This is the time to focus on low-intensity strength-building work.

Understanding the correlation between the infradian rhythm and metabolism can help you make food and exercise choices that best support your body’s needs.

According to a 2018 study, the menstrual cycle can affect sleep patterns in many ways.

Many people report poorer sleep quality during the luteal phase and during menstruation. During the luteal phase, some people experience reduced rapid eye movement (REM), which is the dreaming phase of sleep.

Studies have also shown that women with irregular periods are more likely to experience sleep disorders.

A 2012 study showed that insomnia was twice as likely in women with severe PMS, while a 2014 study found that women with high levels of progesterone at the end of their cycle experienced increased levels of sleep disturbances.

You can take note of when you tend to experience sleeping problems throughout your period.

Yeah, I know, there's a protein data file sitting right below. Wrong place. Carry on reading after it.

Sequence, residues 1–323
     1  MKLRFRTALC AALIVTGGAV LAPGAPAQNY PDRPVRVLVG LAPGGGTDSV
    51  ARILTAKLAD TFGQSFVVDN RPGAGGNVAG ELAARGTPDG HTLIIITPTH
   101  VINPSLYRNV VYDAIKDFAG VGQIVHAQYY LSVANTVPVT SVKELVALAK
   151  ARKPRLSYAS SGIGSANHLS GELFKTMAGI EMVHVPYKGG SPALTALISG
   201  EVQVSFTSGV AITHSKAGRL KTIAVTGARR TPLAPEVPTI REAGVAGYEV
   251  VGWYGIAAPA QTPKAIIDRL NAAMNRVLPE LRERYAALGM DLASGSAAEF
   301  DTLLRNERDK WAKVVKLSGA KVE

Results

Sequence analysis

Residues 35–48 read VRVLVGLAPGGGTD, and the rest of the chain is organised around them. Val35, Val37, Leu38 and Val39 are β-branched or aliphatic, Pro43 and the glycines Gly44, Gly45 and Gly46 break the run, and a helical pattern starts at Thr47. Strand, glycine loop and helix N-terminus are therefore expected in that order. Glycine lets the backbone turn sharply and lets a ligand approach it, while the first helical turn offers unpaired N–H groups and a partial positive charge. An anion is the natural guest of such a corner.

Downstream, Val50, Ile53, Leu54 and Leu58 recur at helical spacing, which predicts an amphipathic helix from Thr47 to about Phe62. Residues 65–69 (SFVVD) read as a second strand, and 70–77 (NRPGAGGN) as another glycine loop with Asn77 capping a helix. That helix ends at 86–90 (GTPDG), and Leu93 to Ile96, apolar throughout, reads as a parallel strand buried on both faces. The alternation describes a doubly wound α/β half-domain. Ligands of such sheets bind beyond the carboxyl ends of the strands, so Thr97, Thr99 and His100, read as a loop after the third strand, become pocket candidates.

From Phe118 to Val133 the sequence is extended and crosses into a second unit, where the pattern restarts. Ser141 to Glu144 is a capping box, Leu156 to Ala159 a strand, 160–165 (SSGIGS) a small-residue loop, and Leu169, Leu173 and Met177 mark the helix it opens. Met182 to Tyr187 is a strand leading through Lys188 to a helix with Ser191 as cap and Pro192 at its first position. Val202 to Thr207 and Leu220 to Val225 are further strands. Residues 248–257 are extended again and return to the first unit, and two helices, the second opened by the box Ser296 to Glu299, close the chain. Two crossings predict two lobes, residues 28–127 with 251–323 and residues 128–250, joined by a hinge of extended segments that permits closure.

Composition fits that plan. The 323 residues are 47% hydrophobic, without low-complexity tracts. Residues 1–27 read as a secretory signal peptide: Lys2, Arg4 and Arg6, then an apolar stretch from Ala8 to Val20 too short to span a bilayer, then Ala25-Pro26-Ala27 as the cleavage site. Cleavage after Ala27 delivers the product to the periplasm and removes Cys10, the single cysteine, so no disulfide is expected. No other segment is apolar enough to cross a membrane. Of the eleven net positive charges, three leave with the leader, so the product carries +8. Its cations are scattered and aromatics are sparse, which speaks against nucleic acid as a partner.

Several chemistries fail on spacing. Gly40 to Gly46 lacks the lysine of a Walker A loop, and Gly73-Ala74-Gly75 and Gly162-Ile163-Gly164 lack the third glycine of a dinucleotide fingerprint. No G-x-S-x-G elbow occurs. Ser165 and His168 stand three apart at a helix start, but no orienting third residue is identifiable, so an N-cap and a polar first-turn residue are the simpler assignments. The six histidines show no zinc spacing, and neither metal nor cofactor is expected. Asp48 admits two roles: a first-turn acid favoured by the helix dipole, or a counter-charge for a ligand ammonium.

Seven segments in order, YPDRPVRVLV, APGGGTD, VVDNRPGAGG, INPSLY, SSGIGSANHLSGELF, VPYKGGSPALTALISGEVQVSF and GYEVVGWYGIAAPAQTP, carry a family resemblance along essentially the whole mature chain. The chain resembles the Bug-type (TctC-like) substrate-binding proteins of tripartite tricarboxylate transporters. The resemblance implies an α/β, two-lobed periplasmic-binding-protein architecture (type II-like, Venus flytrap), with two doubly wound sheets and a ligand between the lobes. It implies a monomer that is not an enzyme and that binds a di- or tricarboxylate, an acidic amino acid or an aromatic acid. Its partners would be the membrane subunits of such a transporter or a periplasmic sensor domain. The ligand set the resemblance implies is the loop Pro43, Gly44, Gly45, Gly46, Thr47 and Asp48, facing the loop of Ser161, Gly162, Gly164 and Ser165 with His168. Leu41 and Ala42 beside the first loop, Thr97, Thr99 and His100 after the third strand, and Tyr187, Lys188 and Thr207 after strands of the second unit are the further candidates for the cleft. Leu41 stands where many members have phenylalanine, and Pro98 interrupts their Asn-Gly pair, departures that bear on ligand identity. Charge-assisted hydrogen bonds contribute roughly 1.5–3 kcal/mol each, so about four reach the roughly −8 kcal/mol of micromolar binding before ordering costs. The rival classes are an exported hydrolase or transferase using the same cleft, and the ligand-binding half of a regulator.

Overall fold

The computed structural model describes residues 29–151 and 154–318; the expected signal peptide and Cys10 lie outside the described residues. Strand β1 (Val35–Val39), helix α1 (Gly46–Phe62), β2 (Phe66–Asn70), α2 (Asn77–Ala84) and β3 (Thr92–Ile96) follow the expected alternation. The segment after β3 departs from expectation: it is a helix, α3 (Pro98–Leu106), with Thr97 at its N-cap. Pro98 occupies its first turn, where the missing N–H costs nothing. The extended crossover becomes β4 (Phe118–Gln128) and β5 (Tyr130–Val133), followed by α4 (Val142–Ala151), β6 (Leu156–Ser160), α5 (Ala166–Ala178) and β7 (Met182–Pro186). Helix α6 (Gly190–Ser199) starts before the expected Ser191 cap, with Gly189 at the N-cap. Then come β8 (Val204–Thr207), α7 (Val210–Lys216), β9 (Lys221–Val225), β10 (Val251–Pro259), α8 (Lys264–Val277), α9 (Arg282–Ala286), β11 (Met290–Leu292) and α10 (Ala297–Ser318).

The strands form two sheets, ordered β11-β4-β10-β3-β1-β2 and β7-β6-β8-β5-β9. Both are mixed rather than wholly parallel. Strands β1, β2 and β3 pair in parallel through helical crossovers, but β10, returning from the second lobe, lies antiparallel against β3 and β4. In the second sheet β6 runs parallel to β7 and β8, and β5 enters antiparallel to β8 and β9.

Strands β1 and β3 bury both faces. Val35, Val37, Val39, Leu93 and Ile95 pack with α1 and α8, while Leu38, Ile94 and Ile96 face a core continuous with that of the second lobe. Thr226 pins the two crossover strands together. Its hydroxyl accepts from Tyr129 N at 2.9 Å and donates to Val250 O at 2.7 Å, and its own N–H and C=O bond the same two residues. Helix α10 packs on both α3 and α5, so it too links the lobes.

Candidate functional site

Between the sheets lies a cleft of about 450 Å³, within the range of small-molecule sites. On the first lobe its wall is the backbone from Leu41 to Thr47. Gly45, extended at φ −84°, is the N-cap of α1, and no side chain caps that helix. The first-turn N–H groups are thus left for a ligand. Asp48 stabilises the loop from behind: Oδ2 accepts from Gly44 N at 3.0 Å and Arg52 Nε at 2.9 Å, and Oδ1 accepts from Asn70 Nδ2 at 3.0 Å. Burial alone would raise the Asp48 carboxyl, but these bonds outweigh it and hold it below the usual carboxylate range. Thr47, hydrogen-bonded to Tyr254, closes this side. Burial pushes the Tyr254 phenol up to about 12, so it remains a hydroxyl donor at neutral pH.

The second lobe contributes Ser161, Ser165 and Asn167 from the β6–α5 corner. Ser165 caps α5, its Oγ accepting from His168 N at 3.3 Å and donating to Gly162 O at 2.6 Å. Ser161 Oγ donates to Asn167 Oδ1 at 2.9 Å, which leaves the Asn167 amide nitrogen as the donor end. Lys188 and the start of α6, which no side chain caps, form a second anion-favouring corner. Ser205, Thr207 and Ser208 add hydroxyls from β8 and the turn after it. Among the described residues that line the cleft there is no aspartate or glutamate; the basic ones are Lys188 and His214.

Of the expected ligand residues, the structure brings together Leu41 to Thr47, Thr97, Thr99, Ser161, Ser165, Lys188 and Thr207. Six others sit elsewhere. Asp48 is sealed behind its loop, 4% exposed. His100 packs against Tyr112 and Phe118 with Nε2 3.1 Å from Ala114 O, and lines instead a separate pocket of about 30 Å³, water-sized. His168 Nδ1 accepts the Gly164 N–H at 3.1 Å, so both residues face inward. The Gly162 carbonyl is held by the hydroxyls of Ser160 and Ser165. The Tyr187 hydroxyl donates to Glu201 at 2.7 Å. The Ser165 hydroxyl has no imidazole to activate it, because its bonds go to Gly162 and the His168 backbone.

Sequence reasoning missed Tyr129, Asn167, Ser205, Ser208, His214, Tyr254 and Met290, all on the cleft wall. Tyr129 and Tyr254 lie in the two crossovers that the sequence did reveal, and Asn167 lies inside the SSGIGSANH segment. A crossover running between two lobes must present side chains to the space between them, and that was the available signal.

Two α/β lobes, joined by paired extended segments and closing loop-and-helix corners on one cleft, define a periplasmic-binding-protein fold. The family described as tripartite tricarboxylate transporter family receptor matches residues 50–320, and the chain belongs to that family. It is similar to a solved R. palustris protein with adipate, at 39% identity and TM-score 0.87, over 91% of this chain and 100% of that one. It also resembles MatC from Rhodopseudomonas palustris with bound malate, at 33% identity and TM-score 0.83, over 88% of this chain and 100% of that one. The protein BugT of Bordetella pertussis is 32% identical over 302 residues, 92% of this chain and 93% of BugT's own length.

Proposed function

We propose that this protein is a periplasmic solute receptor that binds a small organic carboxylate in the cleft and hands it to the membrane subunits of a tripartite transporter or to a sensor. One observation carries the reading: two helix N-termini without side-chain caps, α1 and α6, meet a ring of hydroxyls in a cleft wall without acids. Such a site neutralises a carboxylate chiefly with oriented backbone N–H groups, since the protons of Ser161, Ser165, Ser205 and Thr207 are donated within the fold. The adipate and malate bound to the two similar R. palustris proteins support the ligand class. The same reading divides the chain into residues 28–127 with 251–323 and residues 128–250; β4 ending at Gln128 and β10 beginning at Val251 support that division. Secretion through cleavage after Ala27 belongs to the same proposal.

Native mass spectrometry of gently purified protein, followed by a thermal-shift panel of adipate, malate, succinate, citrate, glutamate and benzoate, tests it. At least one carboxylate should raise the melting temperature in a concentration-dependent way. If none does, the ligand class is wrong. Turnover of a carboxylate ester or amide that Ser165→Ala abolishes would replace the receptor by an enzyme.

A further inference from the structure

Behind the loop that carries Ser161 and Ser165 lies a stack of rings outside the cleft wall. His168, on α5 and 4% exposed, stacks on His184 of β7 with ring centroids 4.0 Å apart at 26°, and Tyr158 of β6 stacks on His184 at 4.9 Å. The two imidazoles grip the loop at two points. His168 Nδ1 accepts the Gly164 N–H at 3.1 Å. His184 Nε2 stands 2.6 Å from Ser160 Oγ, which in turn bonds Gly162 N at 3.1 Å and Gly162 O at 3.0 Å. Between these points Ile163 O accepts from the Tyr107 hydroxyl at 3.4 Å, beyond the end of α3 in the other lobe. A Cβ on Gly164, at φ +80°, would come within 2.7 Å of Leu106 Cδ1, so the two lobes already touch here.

For most people, the luteal phase and the menstruation phase present the most problems. Begin to take extra time to wind down and relax during these phases.

Of course, the menstrual infradian rhythm isn’t permanent.

When people reach the age of menopause, usually in the early 50s, the rhythm changes dramatically. The delicate balance between hormone levels can be thrown off, leading to changes in the body, mind, and emotions.

Many people also experience permimenopause in their 40s before menopause begins.

During menopause, the body naturally begins to produce fewer and fewer hormones, but this happens gradually.

According to Shree, you may begin noticing symptoms of perimenopause, like:

  • hot flashes
  • night sweats
  • mood changes
  • energy fluctuations

“If these symptoms are significant and affecting your daily routine, it’s worth speaking to your doctor,” she says. “It’s important to note that this is really to target menopausal symptoms, not just to balance hormones.”

Shree notes that helpful options may include: